#183 (tie) – I Was Born, But… (1932), dir. Ozu Yasujiro

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Ah so desu ka. Kids peer on with interest as a friend tricks his dad into removing his dentures in Ozu Yasujiro’s I Was Born, But…, a coming of age comedy set in the suburbs of Tokyo.

I Was Born, But… (Otona no miru ehon – Umarete wa mita keredo, 1932) is an adult story from a child’s eye point of view. Having just moved to a suburb of Tokyo, brothers Keiji and Ryoichi find themselves as outsiders among the neighborhood children. The movie deals with their struggle to ingratiate themselves with the local kids and to come to terms with the importance — or non-importance — of their family in the world at large. Oh, and it’s also extremely funny. I Was Born, But… is the latest totally silent film on the Sight & Sound list (1936’s Modern Times doesn’t quite count), and it is also the oldest Japanese film in the Top 250. The movie is by the prolific director Ozu Yasujiro, whose very formal directorial style works surprisingly well with the kinetic shenanigans of the children in this movie, creating something like an art house Little Rascals movie. Alternately beautiful and supremely silly, I Was Born, But… is the rare movie that let’s children be children, instead of being participants in a sanitized fairy tale or a live-action cartoon. It also let’s adults be adults, acknowledging that they can be nearly as ridiculous as their kids. (91 min.)

J. – This movie was a real treat and a perfect antidote after our unfortunate run in with the restored version of Greed. I Was Born, But… is an excellent silent comedy that absolutely transcends cultural barriers in its depiction of the daily struggle of two kids to fit in. I’m sure we’ll have plenty to yammer about here, S., seeing as we both loved the film, but I guess I’d like to start with the realism mentioned in the intro. The children in this movie acted like actual kids instead of some strange adult notion of what it is like to be children. (Do we somehow forget after a certain age, or is that a condition that only affects script writers?) The kids fight, develop strange obsessions (Sparrow Eggs for Strength!!), have in-joke games, brag about their dads, are generally filthy, copycat each other, and have irrational but believable tantrums. None of it feels hammy or inauthentic, but it’s definitely not cinema verité. The realism just makes the characters that much more ridiculous and the jokes that much better. I particularly love how the kids’ taunts or squabbles instantly turn into panicked flight whenever an adult gets involved.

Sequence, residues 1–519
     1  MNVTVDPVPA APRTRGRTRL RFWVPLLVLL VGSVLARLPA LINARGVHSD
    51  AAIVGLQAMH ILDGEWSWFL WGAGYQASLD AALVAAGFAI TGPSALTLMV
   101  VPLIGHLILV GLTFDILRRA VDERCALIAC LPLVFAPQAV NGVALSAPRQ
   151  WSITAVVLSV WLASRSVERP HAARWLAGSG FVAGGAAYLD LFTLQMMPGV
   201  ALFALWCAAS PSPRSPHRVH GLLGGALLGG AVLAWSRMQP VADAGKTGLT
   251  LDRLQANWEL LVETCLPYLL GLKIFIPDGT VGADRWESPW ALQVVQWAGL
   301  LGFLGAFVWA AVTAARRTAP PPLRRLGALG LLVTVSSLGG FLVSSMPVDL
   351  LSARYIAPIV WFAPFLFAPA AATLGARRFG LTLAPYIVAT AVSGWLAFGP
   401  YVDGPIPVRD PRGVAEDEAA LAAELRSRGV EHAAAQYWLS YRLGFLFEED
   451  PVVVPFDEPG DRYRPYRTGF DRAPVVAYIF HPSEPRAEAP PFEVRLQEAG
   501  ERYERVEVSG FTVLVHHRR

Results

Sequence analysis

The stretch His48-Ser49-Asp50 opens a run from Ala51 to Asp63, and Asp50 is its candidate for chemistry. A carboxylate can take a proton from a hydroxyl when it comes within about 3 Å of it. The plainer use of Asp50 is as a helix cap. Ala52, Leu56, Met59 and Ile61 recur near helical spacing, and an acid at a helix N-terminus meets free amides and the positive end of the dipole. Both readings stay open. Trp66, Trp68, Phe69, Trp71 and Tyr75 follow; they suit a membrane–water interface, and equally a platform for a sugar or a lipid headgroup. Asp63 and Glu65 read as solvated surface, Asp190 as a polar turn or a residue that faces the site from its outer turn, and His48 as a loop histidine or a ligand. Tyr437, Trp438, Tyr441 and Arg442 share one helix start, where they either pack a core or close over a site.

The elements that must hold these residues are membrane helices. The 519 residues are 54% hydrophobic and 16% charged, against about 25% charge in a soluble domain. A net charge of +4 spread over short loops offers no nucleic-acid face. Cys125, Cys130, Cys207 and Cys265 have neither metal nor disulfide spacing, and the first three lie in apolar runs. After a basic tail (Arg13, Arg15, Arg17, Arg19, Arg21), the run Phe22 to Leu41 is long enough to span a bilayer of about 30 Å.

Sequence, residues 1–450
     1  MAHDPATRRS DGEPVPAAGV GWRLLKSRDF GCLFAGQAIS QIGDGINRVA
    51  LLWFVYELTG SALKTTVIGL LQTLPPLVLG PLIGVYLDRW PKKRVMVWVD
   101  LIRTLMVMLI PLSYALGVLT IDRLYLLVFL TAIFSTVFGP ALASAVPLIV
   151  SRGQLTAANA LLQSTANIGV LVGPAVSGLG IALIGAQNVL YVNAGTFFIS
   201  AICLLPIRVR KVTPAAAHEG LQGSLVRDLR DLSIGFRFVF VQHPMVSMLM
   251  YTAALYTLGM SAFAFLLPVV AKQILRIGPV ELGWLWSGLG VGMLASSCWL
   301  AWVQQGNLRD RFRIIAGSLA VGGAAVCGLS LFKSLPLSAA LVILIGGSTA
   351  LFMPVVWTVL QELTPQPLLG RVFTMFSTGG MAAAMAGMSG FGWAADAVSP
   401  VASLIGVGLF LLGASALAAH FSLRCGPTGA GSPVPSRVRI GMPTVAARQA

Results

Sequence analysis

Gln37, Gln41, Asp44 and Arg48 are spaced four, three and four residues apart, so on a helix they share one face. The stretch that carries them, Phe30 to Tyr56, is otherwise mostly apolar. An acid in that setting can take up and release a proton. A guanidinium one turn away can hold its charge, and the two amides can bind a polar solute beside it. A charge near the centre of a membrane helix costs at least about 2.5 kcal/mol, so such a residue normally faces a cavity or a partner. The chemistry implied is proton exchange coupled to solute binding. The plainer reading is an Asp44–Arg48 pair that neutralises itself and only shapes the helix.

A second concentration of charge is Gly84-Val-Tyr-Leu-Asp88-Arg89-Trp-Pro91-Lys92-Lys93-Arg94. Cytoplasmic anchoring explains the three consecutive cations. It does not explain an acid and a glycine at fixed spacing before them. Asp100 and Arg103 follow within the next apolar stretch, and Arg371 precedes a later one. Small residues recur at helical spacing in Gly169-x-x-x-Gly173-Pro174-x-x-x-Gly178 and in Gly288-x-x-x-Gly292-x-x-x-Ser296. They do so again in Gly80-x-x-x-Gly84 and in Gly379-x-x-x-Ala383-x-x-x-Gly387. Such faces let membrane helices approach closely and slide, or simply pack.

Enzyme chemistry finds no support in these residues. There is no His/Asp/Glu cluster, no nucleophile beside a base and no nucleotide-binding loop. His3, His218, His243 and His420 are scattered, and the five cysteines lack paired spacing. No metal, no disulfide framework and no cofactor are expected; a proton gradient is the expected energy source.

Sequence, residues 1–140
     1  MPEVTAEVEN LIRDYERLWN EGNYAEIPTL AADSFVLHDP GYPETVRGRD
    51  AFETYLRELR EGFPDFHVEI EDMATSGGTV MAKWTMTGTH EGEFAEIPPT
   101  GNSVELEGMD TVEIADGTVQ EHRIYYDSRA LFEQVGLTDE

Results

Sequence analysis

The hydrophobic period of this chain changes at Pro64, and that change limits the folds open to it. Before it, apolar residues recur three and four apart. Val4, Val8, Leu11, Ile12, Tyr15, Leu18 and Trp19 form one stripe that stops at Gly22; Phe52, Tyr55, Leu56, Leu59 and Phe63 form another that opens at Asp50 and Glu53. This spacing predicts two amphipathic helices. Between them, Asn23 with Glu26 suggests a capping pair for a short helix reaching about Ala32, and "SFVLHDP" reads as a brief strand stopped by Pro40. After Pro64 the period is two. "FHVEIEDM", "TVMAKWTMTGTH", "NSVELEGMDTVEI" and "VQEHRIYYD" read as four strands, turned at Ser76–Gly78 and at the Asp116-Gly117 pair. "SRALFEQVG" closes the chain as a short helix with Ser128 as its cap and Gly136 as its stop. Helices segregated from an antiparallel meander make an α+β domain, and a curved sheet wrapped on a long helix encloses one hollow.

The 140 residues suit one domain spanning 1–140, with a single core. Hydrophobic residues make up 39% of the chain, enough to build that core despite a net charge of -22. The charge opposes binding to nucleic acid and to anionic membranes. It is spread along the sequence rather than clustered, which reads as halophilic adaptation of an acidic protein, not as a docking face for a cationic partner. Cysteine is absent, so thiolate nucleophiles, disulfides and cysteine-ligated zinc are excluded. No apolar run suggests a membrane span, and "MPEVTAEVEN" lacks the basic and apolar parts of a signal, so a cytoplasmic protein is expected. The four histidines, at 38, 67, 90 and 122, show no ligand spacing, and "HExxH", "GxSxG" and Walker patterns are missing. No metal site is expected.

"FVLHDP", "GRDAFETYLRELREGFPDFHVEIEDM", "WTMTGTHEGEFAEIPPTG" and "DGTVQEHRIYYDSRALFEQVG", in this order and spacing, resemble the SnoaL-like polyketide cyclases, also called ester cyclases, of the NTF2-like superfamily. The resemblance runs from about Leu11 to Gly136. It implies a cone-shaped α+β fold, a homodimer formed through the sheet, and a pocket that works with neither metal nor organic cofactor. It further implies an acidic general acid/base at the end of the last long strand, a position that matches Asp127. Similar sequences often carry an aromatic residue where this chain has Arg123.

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The film isn’t afraid to let kids be kids, which of course means fights and bullying. But the playful tone of the movie means that matters don’t get too serious.

S. – I did love this film. The success of IWBB… stems from being genuine, a rare achievement in cinema. For what is a very small story centred around an issue that could easily be lost in translation, the underlying coming of age theme is allowed to shine through a mesmerising cast. The cinematography is wonderful without dominating your attention and the kids are outstanding, I can’t even refer to them as actors because I was entirely convinced that they are who I saw on screen. The many small details that populated the brothers interaction with each other and the wider world were a continual source of delight and the kids-eye view provided by the low camera angles further immersed you into the trials and tribulations of Keiji and Ryoichi.